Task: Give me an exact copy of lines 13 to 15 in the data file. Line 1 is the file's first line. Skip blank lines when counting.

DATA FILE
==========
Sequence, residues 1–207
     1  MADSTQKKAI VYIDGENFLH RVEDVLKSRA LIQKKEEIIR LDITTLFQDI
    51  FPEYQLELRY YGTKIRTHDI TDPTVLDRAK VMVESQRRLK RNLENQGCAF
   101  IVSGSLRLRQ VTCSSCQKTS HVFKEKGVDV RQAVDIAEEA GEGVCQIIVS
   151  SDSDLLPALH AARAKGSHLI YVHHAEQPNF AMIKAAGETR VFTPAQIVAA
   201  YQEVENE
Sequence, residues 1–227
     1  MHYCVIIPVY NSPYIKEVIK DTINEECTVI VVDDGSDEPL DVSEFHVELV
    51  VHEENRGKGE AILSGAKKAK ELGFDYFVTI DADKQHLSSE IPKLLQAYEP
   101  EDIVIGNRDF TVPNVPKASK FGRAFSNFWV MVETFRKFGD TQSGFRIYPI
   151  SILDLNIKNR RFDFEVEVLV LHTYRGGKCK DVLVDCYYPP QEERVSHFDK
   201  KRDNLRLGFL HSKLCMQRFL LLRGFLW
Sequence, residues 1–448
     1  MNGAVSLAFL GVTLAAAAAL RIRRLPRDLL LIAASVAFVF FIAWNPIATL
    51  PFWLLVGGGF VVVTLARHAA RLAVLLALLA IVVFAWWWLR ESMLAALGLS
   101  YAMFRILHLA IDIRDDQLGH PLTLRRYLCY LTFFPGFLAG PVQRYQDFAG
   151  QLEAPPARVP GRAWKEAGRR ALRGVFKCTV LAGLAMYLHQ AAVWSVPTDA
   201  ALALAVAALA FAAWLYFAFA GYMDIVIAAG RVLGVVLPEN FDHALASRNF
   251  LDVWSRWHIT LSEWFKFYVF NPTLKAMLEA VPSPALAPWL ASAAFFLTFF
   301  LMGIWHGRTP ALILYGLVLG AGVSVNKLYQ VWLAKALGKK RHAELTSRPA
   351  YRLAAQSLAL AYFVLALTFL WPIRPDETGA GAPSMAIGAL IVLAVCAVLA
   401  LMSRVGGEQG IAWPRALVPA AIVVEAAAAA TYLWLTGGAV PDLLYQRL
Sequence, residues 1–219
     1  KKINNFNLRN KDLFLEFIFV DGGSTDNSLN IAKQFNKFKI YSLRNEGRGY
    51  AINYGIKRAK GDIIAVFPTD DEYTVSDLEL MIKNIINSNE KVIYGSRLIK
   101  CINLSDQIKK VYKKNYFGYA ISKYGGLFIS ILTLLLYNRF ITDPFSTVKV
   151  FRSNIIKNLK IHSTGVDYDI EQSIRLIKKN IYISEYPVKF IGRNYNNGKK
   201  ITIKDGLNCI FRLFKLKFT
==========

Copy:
Sequence, residues 1–448
     1  MNGAVSLAFL GVTLAAAAAL RIRRLPRDLL LIAASVAFVF FIAWNPIATL
    51  PFWLLVGGGF VVVTLARHAA RLAVLLALLA IVVFAWWWLR ESMLAALGLS